After the univariate analysis of all preoperative and intraoperative factors, only 2 were statistically associated with an increase of major postoperative complications, as shown in Table 5: previous abdominal surgery and splenopancreatectomy (LLSP). We are going to analyze each factor separately.

The first factor associated with increased postoperative complications is the presence of previous abdominal surgery (20% vs. 4%, p=0.014) and we analyzed what kind of previous surgeries the patients underwent. Surprisingly the vast majority of patients underwent lower abdominal/ pelvic surgeries, such as appendectomy, gynecological or prostatic procedures. Despite the presence of postoperative adhesions could make difficult the LLP (especially in case of appendicular peritonitis), we didn't expect that lower abdominal/pelvic surgeries should really be accounted as a potential risk factor for postoperative complications. A further analysis conducted on patients who underwent upper abdominal surgery (both intra or retroperitoneal), didn't show an increased incidence of postoperative complications (14% vs. 8%, p=ns).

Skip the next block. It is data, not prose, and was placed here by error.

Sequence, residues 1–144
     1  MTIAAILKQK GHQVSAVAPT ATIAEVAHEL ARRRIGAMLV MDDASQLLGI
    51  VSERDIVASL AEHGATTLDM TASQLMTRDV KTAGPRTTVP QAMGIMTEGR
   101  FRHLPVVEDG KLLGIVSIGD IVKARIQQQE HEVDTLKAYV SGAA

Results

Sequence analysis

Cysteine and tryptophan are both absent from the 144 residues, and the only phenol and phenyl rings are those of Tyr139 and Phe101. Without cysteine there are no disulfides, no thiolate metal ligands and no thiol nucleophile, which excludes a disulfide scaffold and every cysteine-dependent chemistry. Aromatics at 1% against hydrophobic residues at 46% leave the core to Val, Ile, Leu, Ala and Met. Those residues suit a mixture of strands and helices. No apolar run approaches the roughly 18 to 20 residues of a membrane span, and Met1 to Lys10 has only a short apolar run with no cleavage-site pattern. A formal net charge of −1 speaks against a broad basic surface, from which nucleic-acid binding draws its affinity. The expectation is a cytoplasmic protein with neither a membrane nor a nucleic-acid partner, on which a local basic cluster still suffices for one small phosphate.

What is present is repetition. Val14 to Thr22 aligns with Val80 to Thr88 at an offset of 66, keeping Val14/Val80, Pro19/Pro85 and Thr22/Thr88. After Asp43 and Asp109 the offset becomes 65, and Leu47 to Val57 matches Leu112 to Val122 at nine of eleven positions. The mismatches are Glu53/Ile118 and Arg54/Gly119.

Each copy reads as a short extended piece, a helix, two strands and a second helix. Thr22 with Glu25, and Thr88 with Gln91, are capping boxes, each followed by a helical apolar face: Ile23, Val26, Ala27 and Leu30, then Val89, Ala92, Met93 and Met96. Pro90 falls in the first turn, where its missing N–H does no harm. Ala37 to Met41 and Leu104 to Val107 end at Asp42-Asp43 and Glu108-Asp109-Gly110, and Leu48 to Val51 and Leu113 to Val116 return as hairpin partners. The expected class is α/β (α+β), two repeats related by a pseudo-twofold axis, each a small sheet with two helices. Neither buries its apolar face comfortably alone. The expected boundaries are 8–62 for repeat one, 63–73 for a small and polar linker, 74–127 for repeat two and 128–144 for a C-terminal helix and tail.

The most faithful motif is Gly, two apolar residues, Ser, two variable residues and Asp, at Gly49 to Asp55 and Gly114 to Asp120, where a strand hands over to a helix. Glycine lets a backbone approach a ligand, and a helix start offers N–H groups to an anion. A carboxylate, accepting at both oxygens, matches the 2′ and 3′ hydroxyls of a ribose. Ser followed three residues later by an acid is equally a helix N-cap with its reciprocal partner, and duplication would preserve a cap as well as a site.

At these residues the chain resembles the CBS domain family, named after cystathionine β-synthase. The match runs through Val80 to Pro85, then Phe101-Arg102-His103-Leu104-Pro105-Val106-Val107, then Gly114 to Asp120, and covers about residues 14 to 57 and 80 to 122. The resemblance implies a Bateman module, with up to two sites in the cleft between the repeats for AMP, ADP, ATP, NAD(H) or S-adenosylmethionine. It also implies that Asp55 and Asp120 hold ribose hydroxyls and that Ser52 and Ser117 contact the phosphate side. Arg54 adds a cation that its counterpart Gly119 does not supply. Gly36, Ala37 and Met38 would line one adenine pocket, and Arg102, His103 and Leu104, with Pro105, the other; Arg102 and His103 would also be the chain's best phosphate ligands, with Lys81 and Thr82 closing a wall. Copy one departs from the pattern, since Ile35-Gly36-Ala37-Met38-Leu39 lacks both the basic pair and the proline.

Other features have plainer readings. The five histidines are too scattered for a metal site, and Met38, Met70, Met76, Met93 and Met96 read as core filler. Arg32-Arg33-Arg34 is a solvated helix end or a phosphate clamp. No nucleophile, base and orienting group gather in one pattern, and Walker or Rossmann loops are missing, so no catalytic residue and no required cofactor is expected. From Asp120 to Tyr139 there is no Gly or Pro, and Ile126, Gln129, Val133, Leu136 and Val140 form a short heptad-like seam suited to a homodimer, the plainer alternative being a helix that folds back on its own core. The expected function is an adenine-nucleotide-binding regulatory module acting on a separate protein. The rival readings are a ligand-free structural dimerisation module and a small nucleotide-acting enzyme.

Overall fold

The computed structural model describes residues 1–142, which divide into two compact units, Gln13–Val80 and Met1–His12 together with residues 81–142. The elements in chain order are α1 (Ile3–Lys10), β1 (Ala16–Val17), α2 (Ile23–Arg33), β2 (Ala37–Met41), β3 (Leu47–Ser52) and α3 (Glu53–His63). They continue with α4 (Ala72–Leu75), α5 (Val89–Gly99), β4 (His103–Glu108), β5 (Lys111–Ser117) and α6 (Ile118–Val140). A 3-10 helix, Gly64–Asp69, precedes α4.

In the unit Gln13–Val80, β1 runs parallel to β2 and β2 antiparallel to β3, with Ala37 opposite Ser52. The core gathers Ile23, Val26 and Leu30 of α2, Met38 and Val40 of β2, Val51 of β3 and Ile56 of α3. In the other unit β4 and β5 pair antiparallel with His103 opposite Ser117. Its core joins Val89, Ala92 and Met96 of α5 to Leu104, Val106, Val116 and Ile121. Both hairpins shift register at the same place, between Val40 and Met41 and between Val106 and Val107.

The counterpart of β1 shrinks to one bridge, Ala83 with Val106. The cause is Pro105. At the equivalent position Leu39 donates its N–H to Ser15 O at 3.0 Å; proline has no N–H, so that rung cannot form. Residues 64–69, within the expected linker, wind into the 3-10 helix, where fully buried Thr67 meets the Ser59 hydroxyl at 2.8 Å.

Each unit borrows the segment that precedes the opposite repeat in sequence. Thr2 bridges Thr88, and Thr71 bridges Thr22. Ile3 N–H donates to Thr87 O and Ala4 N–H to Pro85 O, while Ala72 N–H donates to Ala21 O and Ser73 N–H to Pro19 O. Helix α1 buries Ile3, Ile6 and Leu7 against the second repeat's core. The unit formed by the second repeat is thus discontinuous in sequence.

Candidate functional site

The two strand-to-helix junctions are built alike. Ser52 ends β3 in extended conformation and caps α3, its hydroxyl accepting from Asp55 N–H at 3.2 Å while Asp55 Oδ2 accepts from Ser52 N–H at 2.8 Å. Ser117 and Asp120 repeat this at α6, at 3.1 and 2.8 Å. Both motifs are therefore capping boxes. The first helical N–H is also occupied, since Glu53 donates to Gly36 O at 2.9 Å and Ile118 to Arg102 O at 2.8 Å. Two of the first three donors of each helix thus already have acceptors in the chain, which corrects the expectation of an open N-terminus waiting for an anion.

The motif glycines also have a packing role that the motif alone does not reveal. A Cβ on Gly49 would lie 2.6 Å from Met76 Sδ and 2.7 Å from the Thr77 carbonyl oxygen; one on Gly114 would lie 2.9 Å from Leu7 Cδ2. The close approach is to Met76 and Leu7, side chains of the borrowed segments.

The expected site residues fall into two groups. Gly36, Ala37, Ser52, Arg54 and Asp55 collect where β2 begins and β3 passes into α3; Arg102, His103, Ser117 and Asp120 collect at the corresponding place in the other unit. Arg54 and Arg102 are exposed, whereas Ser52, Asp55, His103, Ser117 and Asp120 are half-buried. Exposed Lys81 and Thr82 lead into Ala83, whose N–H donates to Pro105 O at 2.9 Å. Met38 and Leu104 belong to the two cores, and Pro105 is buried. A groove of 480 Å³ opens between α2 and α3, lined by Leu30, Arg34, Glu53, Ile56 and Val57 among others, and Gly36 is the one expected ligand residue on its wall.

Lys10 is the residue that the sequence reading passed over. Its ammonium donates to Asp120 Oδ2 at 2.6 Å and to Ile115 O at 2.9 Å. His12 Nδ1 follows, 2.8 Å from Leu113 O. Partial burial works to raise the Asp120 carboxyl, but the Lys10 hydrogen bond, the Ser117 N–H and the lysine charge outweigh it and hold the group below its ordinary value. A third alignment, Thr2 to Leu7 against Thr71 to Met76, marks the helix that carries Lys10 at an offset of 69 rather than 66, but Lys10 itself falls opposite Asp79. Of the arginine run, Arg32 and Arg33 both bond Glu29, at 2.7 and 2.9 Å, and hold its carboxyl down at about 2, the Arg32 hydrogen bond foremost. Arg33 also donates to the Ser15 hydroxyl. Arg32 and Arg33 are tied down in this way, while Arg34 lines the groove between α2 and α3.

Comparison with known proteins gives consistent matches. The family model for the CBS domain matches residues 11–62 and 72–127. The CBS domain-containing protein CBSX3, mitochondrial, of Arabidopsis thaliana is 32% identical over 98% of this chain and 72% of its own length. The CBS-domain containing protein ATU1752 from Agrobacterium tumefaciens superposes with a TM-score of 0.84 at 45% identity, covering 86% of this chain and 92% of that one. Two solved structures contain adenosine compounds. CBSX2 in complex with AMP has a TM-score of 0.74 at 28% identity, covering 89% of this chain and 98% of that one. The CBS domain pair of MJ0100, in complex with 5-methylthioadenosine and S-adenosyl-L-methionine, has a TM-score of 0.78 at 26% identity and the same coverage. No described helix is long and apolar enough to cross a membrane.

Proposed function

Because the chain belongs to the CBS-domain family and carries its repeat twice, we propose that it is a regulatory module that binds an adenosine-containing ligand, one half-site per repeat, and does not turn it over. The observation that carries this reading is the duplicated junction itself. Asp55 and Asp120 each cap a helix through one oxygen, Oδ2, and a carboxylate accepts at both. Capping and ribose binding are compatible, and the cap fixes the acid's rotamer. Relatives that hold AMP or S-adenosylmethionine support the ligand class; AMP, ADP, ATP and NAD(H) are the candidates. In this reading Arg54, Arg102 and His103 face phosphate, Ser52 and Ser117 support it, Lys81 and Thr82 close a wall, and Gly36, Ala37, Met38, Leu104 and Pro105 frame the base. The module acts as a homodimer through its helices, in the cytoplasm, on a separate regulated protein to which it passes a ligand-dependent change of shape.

The second factor found to be associated to postoperative complications in our group of patients was splenopancreatectomy (22% vs. 6%, p=0.024), that was the only significant independent factor in the multivariate analysis (p=0.019; HR (95% CI) 4.617 (1.292-16.497). Moreover it’s worthy to note, as shown in Table 5, that LLP-SVP or LP-WT were not associated to an increased risk of postoperative complications. Obviously, splenectomy is formally indicated in case of malignant lesions of the pancreatic body-tail, in order to accomplish an oncological resection. But when a not malignant pancreatic lesion is placed to the extremity of pancreatic tail, this situation prompts the surgeon to perform the splenectomy as well. Although we know from long time that splenectomy is connected to long-term infectious complications, which are rare but with significant morbidity, now we should claim, according to the results of this study, that splenectomy may also lead to an increased risk of shortterm complications. As a result, the findings of this study suggest that, whenever possible, efforts must be done in order to preserve the spleen during LLP. However, we look forward in the future to confirm the data of this study; overall surgical complications graded by Clavien- Dindo classification are not different between the three surgical techniques as shown in Table 3, and what it seems to be more important, there is not an evident cause related to splenectomy for the presence of a significantly higher number of major complications after LLSP. If we analyze what kind of major complications did the patients experience, as depicted in Table 4, most complications in the LLSP group, such as a clinically relevant PF or intestinal perforation, are not directly explained by the removal of the spleen alone.